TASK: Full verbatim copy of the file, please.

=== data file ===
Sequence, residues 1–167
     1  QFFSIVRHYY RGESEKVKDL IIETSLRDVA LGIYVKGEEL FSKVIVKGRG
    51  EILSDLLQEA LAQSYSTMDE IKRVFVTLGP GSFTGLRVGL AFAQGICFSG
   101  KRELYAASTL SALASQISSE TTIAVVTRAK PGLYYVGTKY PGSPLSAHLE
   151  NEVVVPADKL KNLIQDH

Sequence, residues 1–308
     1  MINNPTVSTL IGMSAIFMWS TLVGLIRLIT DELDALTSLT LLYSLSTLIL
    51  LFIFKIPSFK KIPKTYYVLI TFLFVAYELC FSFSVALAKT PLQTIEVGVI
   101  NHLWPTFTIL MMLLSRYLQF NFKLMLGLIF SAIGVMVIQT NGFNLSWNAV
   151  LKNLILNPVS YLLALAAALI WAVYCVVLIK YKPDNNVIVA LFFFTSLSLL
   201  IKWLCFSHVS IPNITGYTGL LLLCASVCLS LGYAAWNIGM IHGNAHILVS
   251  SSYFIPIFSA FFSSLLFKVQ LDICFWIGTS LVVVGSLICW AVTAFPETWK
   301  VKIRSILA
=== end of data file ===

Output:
Sequence, residues 1–167
     1  QFFSIVRHYY RGESEKVKDL IIETSLRDVA LGIYVKGEEL FSKVIVKGRG
    51  EILSDLLQEA LAQSYSTMDE IKRVFVTLGP GSFTGLRVGL AFAQGICFSG
   101  KRELYAASTL SALASQISSE TTIAVVTRAK PGLYYVGTKY PGSPLSAHLE
   151  NEVVVPADKL KNLIQDH

Sequence, residues 1–308
     1  MINNPTVSTL IGMSAIFMWS TLVGLIRLIT DELDALTSLT LLYSLSTLIL
    51  LFIFKIPSFK KIPKTYYVLI TFLFVAYELC FSFSVALAKT PLQTIEVGVI
   101  NHLWPTFTIL MMLLSRYLQF NFKLMLGLIF SAIGVMVIQT NGFNLSWNAV
   151  LKNLILNPVS YLLALAAALI WAVYCVVLIK YKPDNNVIVA LFFFTSLSLL
   201  IKWLCFSHVS IPNITGYTGL LLLCASVCLS LGYAAWNIGM IHGNAHILVS
   251  SSYFIPIFSA FFSSLLFKVQ LDICFWIGTS LVVVGSLICW AVTAFPETWK
   301  VKIRSILA